I couldn’t really embrace the Grimes piece because I felt that it was misdirected, but at least I appreciated the attempt at directing the topic towards something that was bigger than the artist -the idea of the blogosphere dictating .. what was it again? something… naive? or was it sinister? I can’t remember. Even if it seemed generously forced had no real foundation, at least it was an attempt to try and create some new level of framework around the subject. I was interested to see what would be next. What would the topic be about? Tastemakers in a post-John Peel world? Scouting rappers in the suburbs? It could have been anything, but what was it? … A “deconstructing” a female artist post. Both of Sheperd’s pieces have made sure to refocus the subject matter onto feminism at some point, which I would argue that most of the readers aren’t even thinking about or concerned with in these particular contexts. Click on the author’s name, which links to her bio, and then follow it to her site. Tell me how many articles or blog posts that you find that aren’t built around gender identity and feminism. If this is gonna be a column about women in the industry and if they are living up to their responsibilities as such (as defined by Julianne Escobedo Sheperd) then that’s what this column should be advertised as, so that it could save a lot of us the disappointment of expecting something less bland, played out, and uninteresting. I think that people are disappointed because they actually do want to be involved in a discussion and these articles leave no room for anyone in on the conversation. If you’re not the author, you are left out entirely. All that they can say is, “I hate that artist too” or “Hey, I love that artist” or vice versa. I’ve said it before, but if you are concerned about feminism and equality, it might be more helpful to have one less voice critiquing every move that a female artist makes and more beneficial to judge them based on pure talent and not what you feel may be a deeper rejection of their own gender identities. This approach is counterproductive for a number of reasons. If you’re only going to write about things in this fashion, then be prepared for every comment section to be filled with responses that are “deconstructing” Julianne Escobedo Shepherd. It’s the only conversation left.
It’s almost ironic that the fact that I get so many updates and emails regarding so many different artists and projects is the main reason that I can completely miss what’s happening with them or overlook the hype surrounding them. Eventually, if it grows enough, it will be inevitable but I think that I’m overwhelmed myself. It can be too much. I was genuinely surprised to find this post, because I was completely oblivious to the fact that so many other people were aware of her already. So many, to the point that this is the 2nd most commented on post currently on Stereogum.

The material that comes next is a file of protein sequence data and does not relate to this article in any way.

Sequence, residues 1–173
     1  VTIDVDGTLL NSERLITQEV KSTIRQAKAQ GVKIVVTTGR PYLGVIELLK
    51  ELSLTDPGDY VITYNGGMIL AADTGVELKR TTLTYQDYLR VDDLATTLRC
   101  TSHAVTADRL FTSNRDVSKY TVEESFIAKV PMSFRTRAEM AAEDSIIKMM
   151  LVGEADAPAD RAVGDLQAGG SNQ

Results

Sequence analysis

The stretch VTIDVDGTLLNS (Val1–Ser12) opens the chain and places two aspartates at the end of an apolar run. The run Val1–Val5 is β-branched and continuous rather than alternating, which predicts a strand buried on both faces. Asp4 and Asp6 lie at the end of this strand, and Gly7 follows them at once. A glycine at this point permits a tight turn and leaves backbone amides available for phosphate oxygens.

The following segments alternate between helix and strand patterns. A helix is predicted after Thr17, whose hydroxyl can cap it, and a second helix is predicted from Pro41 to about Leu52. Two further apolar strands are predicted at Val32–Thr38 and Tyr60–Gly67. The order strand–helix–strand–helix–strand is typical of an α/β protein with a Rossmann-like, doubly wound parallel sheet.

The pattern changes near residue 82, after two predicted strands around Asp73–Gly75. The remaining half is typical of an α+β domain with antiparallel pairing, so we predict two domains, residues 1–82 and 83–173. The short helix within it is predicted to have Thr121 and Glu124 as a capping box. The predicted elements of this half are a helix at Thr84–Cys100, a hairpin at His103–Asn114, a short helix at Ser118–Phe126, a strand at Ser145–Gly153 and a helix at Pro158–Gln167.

I just went back to see when I received the contact about Grimes coming to town and it was back on January 23rd for a show on February 20th. In the email it references her “critically acclaimed full-length” that wouldn’t even be officially released until the day following the show (February 21st). Critically acclaimed a month before it’s release. The article above appeared exactly 1 week after the release date. Everything happens at an accelerated rate these days. Your albums been out a week and there are already articles about how your time should be up.
Thanks. I haven’t commented on here enough to realize that there was a “profile” that I could modify at all. Unfortunately, while it’s allowed me to add the facebook and twitter accounts of my site, it doesn’t seem to retain the actual link to my site that I keep entering into the appropriate field.
( http://monsterfresh.com )
I completely agreed with your comment above. This article definitely seems to represent more about the author as an individual than it does about the subject as an individual. I also agree that this is still a good idea for a column, overall.
I’ll apologize for telling you to go fuck yourself, but at least I prefaced it with “If your intention is to imply that I didn’t read the entire article..”
I may have misinterpreted your above comment of “No, I just read enough of it (all of it)…” so, again, I’m sorry, because I didn’t want to jump the gun.
Honestly, that implication is the only thing that I truly disagree with, myself. You’ve made repeated comments throughout the comment section to engage in the conversation and I wrote one huge posts, so I will concede to that as well. I knew that my admittedly super long post was a reaction to what I’ve read in the comment section and, by that note, felt like I was engaging in the conversation. I just felt that any potential idea that I that I didn’t read it was dismissive, insulting, and wouldn’t have evolved any conversation, but rather would have been an example of not respecting any other outside veiwpoint. I also see that you haven’t entirely agreed with everything stated by Sheperd either. I like the idea of the column because it creates discussion and I pretty much despise anything that limits or shuts that down. I also believe that it’s ignorant to attack Sheperd strictly on the basis that her article was well written. Others have definitely done that here, but perhaps it offended them because it was paired with implications about Grimes’ own lack of maturity. Whether they presented those ideas productively or not, is debatable.
I do still believe that Jake’s original comment above might hold value, where he says, “This column fails because it doesn’t address Grimes’ music but the general reaction to it as perceived by Julianne Shepherd.” While you perhaps saw the part where he claims that the article “fails” because it “…doesn’t address Grimes’ music but the general reaction to it” I think that I primarily focused in more on the part that said, “…as perceived by Julianne Shepherd.”